See, for example, ch. 2:1. Evidently the writer was well known 
as a sort of patriarch throughout an extended region. Such con- 
ditions prevailed in Asia Minor after the apostle John had begun to 
reside at Ephesus. Trustworthy tradition as well as the New 
Testament informs us of a period in the apostle's life when he had 
outlived all or most of the other apostles and was revered as the 
head of the Asian church. At some time within this period — 
probably nearer the end than the beginning — the First Epistle of 
John was written. 


The form of error against which the epistle is directed becomes 
clearest, perhaps in ch. 4 : 2, 3. The false teachers had denied that 
Jesus Christ was come in the flesh. This may be interpreted in 
several different ways. 

(1) Docetism.— In the first place, John may mean that the 
opponents simply denied the reality of the earthly life of Jesus. 
Such a form of error is by no means unknown in the history of the 
Church. It is called "Docetism." According to Docetism the 
Son of God did not really live a human life — with human sufferings 
and a human death — but only appeared to do so. 

(2) Cerinthus. — In the second place, the meaning of the passage 
may be that the opponents denied the unity of the person of Jesus 
Christ. Compare ch. 2 : 22. Some persons in the early Church 
supposed that there were two separate persons in the figure that is 
described in the Gospels. A heavenly being, the Christ, it was 
thought, united himself with the man Jesus at the time when the 
dove descended after the baptism. Matt. 3 : 16, 17. Such was 
the view of Cerinthus, who is declared by tradition to have been an 
opponent of the apostle John at Ephesus. It has been suggested, 
therefore, that it was actually Cerinthus, with his disciples, who is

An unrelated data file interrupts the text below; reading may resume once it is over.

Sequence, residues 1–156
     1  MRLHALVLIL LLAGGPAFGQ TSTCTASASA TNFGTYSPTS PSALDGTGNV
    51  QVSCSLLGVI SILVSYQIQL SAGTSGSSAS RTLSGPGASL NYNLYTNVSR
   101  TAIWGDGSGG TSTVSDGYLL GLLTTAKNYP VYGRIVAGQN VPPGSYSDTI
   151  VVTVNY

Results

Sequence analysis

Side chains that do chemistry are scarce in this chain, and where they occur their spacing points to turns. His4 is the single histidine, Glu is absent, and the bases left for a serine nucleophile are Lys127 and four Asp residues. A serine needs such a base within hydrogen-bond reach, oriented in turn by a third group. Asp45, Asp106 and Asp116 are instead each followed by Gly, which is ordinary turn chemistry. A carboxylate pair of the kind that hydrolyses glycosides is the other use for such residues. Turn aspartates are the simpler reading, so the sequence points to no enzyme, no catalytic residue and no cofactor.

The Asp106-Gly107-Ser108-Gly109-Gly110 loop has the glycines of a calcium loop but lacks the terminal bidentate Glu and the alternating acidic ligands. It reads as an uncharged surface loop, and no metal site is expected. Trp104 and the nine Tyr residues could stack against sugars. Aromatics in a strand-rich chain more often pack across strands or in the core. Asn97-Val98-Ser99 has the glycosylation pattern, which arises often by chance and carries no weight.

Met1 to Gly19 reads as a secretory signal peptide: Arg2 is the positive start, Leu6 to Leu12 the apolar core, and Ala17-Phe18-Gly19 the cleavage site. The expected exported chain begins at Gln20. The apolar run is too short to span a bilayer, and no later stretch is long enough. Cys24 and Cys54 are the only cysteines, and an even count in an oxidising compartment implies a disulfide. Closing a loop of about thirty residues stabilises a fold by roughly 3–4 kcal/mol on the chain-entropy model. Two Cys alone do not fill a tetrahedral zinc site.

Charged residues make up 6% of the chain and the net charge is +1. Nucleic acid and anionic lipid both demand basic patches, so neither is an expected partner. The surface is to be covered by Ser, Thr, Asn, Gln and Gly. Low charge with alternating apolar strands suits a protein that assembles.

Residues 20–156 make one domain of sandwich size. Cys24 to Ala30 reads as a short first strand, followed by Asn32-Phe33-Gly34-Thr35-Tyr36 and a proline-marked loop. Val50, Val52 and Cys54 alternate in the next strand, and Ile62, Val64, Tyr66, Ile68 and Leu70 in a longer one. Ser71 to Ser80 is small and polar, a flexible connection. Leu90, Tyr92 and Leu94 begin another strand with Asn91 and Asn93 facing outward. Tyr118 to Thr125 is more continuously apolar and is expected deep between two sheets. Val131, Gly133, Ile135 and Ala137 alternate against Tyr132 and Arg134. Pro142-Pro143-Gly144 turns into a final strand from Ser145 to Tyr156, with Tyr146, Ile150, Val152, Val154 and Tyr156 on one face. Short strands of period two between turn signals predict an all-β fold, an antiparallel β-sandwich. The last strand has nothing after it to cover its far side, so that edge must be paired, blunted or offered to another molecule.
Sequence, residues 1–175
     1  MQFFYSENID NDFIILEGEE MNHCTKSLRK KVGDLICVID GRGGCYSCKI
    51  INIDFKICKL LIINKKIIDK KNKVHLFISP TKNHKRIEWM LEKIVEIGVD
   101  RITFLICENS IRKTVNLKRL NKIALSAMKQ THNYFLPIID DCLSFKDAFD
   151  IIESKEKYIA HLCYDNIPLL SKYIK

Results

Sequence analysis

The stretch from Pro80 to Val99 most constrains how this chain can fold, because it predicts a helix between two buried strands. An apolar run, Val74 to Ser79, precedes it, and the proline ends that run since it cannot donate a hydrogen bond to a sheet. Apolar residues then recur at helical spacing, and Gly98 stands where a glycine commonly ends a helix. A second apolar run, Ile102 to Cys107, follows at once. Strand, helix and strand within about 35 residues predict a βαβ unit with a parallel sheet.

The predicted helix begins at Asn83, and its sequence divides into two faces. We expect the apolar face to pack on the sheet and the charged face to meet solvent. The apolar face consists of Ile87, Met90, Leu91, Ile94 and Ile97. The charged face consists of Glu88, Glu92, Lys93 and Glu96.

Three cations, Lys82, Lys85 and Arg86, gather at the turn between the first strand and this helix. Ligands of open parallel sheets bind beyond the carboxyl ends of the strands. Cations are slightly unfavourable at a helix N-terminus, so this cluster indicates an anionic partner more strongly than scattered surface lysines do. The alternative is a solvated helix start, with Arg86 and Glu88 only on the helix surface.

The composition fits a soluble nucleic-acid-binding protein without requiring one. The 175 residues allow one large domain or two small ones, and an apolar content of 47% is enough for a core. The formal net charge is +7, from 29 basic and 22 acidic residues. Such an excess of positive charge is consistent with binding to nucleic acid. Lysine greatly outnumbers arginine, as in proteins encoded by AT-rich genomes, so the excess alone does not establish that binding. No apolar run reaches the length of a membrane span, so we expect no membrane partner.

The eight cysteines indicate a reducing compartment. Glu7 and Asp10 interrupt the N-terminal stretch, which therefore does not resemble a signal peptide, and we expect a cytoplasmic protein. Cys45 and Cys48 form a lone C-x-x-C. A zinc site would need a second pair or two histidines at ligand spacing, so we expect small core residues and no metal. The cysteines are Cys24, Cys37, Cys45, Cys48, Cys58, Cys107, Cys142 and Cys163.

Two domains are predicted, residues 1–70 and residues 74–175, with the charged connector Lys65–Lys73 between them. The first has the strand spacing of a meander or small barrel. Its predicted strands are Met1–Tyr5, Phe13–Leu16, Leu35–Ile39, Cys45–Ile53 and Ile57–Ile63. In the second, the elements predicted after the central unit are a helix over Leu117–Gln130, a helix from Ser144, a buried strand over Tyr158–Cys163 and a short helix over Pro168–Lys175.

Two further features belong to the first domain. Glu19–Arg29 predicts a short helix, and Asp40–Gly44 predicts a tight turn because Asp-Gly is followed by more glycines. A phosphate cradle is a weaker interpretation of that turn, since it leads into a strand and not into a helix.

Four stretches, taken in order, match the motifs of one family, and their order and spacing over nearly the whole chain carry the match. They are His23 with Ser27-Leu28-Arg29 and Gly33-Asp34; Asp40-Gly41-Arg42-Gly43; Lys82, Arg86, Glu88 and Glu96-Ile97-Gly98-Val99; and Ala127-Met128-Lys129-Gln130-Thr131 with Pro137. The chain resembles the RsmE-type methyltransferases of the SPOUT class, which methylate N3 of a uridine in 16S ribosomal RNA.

combated in the First Epistle of John. 

(3) Denial of the Incarnation. — Both Cerinthus and the Docetists 
denied the reality of the incarnation — both denied that the Son of 


God actually assumed a human nature and lived a complete human 
life. According to Cerinthus and others like him, the Christ stood 
only in somewhat loose relation to the man Jesus. He was united 
with him only late in life, he left him before the crucifixion. On 
this view, it was not the Christ who lay in the manger at Bethlehem, 
it was not the Christ who suffered on the cross. Cerinthus, like the 
Docetists, kept the Son of God out of any close relation to the world 
and to us. 

(4) John's Reply. — Against some such view as one of these, John 
was concerned to establish the reality of the incarnation — the truth 
that "the Word became flesh." In the Gospel, that truth underlies 
the whole of the narrative; in the First Epistle it is directly defended 
against the opposing error. It is defended first of all by an 
appeal to what the writer had seen and heard. "We knew Jesus 
in Palestine," says John in effect, "and we can testify that Jesus 
himself was none other than the Christ, the Son of God." I John, 
1 : 1-4. 

(5) John, the Opponents, and Cerinthus. — The false teachers who 
are combated in the epistle had apparently withdrawn from the 
Church and formed a separate sect. I John 2:19. Their separate- 
ness of mind and heart and life had found expression in open schism. 
Whether they are to be identified with disciples of Cerinthus is at 
least doubtful. False speculation about the person of Christ no 
doubt assumed many forms in the closing years of the first century. 



In III John 9, the apostle tells Gaius that he had written "some- 
what unto the church." This letter to the church may have been 
written at some previous time. It is also possible, however, that it 
was written together with the letter to Gaius. The Greek word for 
"I wrote" admits of that interpretation. If that interpretation be 
correct, then John perhaps means to say that although he has written 
a letter to the church he could not in that letter urge the hospitable 
reception of the missionaries. For the present, the influence of 
Diotrephes was too strong. The letter to the church had to be